We expect the spirited investment style that favors stocks over bonds may begin to subside as more of Australia’s baby boomers approach retirement. As baby boomers move from the accumulation phase into the income phase of their retirement planning, we expect fixed income will ultimately become a more important part of their overall portfolios. The move could deliver a great boost to the Australian bond market, in our view. And, we also believe Australia’s fixed income sector may grow at a more rapid rate than those in other parts of the world, where investors already hold a larger part of their portfolios in the asset class.
The comments, opinions and analyses are the personal views expressed by the investment managers and are intended to be for informational purposes and general interest only and should not be construed as individual investment advice or a recommendation or solicitation to buy, sell or hold any security or to adopt any investment strategy. It does not constitute legal or tax advice. The information provided in this material is rendered as at publication date and may change without notice, and it is not intended as a complete analysis of every material fact regarding any country, region, market or investment.
Data from third-party sources may have been used in the preparation of this material and Franklin Templeton Investments (“FTI”) has not independently verified, validated or audited such data. FTI accepts no liability whatsoever for any loss arising from use of this information, and reliance upon the comments, opinions and analyses in the material is at the sole discretion of the user. Products, services and information may not be available in all jurisdictions and are offered by FTI affiliates and/or their distributors as local laws and regulations permit. Please consult your own professional adviser for further information on availability of products and services in your jurisdiction.
What Are the Risks?
All investments involve risk, including possible loss of principal. The value of investments can go down as well as up, and investors may not get back the full amount invested. Stock prices fluctuate, sometimes rapidly and dramatically, due to factors affecting individual companies, particular industries or sectors, or general market conditions. Changes in interest rates will affect the value of a portfolio and its yield. Bond prices generally move in the opposite direction of interest rates. Thus, as the prices of bonds in a portfolio adjust to a rise in interest rates, the portfolio’s yield may decline. Floating-rate loans and high-yield corporate bonds are rated below investment grade and are subject to greater risk of default, which could result in loss of principal—a risk that may be heightened in a slowing economy. Special risks are associated with foreign investing, including currency fluctuations, economic instability and political developments. Investments in developing markets involve heightened risks related to the same factors, in addition to those associated with their smaller size and lesser liquidity.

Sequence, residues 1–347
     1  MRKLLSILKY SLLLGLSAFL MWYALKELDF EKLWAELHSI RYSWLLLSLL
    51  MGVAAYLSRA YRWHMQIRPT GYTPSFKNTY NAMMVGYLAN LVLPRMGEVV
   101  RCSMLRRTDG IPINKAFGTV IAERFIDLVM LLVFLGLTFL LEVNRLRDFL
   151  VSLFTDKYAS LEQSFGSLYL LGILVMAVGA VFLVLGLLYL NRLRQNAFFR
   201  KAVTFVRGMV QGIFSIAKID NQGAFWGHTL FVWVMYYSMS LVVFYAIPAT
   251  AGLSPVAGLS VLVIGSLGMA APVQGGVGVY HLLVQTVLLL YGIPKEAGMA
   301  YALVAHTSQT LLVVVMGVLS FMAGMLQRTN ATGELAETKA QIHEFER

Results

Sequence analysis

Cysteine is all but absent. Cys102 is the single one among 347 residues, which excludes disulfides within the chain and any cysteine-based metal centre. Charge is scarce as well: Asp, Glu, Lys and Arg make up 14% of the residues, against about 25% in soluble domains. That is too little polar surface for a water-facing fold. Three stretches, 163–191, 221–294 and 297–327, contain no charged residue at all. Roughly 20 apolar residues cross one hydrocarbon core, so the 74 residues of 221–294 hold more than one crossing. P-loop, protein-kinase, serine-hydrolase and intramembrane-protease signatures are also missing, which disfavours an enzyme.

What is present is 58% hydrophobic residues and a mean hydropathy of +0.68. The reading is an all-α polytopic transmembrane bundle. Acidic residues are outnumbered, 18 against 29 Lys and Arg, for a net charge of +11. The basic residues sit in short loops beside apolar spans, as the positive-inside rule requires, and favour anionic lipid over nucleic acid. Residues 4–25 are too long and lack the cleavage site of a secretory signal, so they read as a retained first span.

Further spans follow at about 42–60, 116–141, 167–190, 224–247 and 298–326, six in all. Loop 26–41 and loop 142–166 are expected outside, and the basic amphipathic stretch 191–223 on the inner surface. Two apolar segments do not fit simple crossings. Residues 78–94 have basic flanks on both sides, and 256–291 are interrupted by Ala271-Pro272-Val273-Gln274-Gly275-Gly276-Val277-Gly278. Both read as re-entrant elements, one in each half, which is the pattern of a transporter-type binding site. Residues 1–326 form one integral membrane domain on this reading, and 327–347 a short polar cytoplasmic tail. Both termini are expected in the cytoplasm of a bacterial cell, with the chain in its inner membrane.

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6. Source: Bloomberg, LP. Based on the Bloomberg AusBond Non-Government Bond Bond Index (formerly the UBS Non-Government Bond Index), as at 31 March 2014. Indexes are unmanaged, and one cannot invest directly in an index. Past performance is no guarantee of future results.